One of my favourite books.
I haven’t seen the movie, but like Twilight, I’ve heard terrible things about it, so I’m probably not going to bother.
I have to admit, reading through, that sometimes it does seem sort of glamorous. Getting immaculately dolled up, dazzling and entertaining men with wit, charm, grace and beauty, being admired and having someone who pays all your living expenses and more to spend time with you.
But it also seems like a really lonely existence. You work all day, every day. You always have to maintain a perfect facade. You’ve always got to be in control; you can’t be off game for even one night. And yet at the same time, you have very little control over your own destiny. As Mameha says, “We don’t become geisha because we want our lives to be satisfying. We become geisha because we have no other choice.”
And it’s so true. Getting sold to an okiya, incurring huge debts during training and not being able to pay it back for years, if you’re an adopted daughter, never seeing any of your own earnings, adhering to a strict hierarchy. Having to entertain rude, ignorant or downright disgusting men. The geisha can’t be truly successful without a wealthy danna to pay for her upkeep. And I struggle to comprehend the role of women in this world – at one point she quotes “When a man takes a mistress, he doesn’t divorce his wife.” Fine, fair enough. But how hard must it be for the wife? To know your husband is off with someone else, in the evenings, on weekends? At another point, they’re all at a party. The wife sees all the geisha out and gives them leaving presents. One of the geisha has “left early”, but really has gone to another wing of the house with the husband for the night. And the wife knows this.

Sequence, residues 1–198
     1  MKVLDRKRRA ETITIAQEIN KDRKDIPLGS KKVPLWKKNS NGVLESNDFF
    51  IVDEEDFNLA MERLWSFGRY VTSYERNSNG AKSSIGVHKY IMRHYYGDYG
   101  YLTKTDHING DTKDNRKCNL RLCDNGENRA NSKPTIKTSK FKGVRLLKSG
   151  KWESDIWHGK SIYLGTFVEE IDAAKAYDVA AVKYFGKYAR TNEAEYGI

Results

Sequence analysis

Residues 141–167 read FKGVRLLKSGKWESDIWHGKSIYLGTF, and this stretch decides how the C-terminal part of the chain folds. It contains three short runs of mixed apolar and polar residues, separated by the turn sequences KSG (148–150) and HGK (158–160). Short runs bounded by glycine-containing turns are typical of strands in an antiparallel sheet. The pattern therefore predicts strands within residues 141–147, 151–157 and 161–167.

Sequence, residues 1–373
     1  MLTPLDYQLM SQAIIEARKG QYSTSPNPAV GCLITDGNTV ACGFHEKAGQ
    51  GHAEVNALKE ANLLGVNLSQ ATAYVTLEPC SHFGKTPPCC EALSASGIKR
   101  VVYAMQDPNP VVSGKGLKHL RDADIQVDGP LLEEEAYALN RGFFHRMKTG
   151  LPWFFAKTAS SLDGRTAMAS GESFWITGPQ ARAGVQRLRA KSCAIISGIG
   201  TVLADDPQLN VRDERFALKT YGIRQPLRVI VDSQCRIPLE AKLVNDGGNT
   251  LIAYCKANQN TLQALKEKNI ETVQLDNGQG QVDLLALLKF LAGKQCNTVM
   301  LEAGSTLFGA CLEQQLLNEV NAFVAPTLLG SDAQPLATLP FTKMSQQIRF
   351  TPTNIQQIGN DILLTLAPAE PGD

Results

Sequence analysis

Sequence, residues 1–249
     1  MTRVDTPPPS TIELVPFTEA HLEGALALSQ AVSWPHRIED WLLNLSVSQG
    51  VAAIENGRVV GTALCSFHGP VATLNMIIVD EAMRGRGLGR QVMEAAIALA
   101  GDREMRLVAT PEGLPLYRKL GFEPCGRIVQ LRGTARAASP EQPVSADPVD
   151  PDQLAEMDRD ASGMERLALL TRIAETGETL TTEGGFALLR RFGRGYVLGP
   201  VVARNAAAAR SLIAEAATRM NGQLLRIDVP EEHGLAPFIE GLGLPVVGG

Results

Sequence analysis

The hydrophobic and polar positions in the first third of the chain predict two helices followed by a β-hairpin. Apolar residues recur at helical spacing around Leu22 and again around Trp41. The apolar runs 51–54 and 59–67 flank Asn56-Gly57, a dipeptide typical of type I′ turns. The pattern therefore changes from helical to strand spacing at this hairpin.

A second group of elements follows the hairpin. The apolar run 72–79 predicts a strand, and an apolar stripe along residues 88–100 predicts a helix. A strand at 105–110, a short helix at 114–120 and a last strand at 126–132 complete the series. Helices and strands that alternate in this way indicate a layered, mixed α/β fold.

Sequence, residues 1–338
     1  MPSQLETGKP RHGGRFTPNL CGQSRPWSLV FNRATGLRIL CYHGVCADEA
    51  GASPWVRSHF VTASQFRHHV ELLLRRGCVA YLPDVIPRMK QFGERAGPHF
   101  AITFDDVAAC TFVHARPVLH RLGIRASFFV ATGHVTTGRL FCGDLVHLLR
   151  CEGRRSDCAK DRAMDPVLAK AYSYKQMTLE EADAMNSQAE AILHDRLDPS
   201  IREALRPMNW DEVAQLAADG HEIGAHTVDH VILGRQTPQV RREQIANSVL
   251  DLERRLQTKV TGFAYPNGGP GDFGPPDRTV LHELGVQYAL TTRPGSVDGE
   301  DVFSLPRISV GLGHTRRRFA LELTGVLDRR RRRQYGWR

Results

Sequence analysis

What I thought worst of all was that when the war began, Sayuri had no one to turn to. She says that no one wants a geisha in need. Every geisha in Gion is turning to the men they know hoping for help, hoping to be rescued. None of them can survive of her own accord.
So while I love, love love the book, and I think it’s an amazing insight into a totally exotic world, it saddens me as well the more I read it. I know it’s not true. That’s something I had trouble believing – it sounded so realistic, and the “foreword” didn’t help. I just wanted to believe the beautiful ending, that she’d finally found happiness.
The prose is super flowery and super poetic. Some people probably think it’s too over the top. At times it’s a little irritating I guess, a little too extreme. But considering the culture, and Sayuri’s personality, I think it’s appropriate, and I’m totally amazed at Arthur Golden’s ability to build such a strong, convincing female voice.